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In a broad sense, the process by which matter is excited to radiate by an external source of electromagnetic radiation, as distinguished from emission of radiation by matter, which occurs even in the absence of such a source.

By this definition, reflection, refraction, and even diffraction of electromagnetic waves are subsumed under scattering. Sometimes scattering is applied in a restricted sense to that radiation not accounted for by the laws of specular reflection and refraction, which are approximate because matter is not continuous on all scales. Often the term scattered radiation is applied to that radiation observed in directions other than that of the source and may also be applied to acoustic and other waves. If there is no change in frequency between the incident and scattered radiation, the scattering is sometimes said to be elastic; the converse is inelastic. Scattering is also applied to any interaction between particles that results in a change in direction.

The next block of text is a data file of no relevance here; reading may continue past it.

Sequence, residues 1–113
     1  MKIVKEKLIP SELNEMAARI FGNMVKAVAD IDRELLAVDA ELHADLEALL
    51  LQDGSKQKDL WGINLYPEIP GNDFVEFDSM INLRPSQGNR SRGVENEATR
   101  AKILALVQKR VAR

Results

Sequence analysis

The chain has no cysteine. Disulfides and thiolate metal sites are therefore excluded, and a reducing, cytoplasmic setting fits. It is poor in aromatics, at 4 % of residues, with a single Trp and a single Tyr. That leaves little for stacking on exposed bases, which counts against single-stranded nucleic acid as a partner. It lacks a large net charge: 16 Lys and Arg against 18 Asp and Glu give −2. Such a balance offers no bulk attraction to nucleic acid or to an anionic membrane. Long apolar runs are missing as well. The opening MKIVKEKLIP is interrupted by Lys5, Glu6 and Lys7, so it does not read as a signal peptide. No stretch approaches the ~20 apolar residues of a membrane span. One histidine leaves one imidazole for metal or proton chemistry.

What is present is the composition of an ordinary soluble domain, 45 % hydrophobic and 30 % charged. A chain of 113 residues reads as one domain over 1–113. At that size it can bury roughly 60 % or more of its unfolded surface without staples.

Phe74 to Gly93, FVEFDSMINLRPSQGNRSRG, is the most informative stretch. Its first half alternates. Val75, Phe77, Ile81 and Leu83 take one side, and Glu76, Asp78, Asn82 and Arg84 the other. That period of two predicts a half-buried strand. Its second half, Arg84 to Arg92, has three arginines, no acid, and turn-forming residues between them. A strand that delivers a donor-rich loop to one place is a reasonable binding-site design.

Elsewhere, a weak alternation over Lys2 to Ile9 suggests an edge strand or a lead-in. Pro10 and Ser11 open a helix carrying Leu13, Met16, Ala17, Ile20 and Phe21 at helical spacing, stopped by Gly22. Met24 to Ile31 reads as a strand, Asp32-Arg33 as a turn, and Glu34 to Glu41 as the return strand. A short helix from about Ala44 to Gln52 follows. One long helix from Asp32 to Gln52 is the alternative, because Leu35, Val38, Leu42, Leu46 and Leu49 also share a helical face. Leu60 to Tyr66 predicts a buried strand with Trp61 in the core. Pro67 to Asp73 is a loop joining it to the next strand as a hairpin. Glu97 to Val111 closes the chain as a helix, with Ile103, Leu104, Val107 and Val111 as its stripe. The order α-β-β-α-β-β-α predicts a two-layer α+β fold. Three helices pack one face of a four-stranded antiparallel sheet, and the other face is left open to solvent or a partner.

See multiple scattering, Mie theory, Rayleigh's scattering law.

Born, M., and E. Wolf, 1965. Principles of Optics. 3rd rev. ed., 98–108.

Doyle, W. T., 1958: Am. J. Phys., 53, 463–468.